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Tasting success

Tassie Pippert shares her passion for food and wine in the classroom and on the small screen


 
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SUMMARY: Hospitality wasn't Tassie Pippert's ('11, '13M) first career, nor was teaching. But since 2010, she has been winning fans—and awards—in both arenas.


By Stephen Briggs

The path to success is rarely a straight line. As we move through life, it skims along the horizon and we continually redefine our goals in order to reach it.

For Tassie Pippert (’11, ’13M), a lecturer of hospitality management in the Hart School of Hospitality, Sport and Recreation Management, success once meant getting a college degree. Or following that with a master’s. Or having her food and drink recipes featured in the pages of Virginia Living magazine. Or fronting her Virginia-based wine and cooking show, Un-wine’d, on VPM: Virginia's Home for Public Media—and being nominated for an Emmy.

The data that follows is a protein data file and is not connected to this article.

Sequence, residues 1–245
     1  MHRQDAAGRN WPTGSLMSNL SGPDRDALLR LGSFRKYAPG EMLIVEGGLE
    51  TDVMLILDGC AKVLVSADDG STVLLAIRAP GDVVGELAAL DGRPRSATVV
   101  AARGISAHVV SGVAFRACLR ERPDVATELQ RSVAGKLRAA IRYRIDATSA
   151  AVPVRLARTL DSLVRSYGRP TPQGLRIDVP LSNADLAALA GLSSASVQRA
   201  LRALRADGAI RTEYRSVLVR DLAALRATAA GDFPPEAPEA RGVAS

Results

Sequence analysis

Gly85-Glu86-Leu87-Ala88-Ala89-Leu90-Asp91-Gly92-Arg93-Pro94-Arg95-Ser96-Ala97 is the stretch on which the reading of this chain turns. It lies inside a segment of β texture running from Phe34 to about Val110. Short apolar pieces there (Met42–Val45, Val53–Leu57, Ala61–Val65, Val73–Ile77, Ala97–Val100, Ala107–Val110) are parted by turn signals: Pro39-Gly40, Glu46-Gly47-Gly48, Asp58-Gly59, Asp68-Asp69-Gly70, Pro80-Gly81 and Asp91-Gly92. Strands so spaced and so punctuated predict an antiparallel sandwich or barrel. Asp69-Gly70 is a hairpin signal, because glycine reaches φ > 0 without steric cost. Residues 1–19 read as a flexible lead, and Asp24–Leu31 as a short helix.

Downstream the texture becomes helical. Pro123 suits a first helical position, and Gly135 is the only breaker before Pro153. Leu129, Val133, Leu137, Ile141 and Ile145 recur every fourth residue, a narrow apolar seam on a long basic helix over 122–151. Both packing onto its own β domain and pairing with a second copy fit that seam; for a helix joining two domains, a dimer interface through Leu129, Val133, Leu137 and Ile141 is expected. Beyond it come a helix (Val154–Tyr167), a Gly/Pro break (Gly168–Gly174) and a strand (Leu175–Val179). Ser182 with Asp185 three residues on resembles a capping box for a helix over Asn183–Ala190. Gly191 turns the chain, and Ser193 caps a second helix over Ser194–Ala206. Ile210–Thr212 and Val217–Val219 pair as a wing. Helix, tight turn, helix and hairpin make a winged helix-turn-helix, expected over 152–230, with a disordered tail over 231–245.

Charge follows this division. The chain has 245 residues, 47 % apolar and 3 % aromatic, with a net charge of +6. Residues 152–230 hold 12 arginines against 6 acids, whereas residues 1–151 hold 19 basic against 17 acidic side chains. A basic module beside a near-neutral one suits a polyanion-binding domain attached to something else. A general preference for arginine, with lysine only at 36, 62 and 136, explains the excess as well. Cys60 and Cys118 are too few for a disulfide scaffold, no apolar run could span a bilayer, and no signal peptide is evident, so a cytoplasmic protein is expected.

For Pippert’s students, success translates into engaged learning in the classroom and beyond.

“Bringing technology into the classroom is important, because students learn differently,” said Pippert, a recipient of the Charles Harris Award of Distinction for Teaching with Technology. “Any time you can flip things so that it is a more inclusive environment to learn, rather than just lecturing, is always positive.”

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Pippert supervises culinary techniques in the Hart School's demonstration kitchen in Godwin Hall. Over the years, Pippert's hands-on teaching style has left a lasting impression.

Hospitality isn’t a typical classroom-style industry, said Steve Evans (’20), one of Pippert’s former Hart School students. “Completing classwork and passing exams doesn’t have the same direct impact on a career. In our professional world, experience and creativity carry you, and Tassie’s teaching style targets and caters to those aspects.”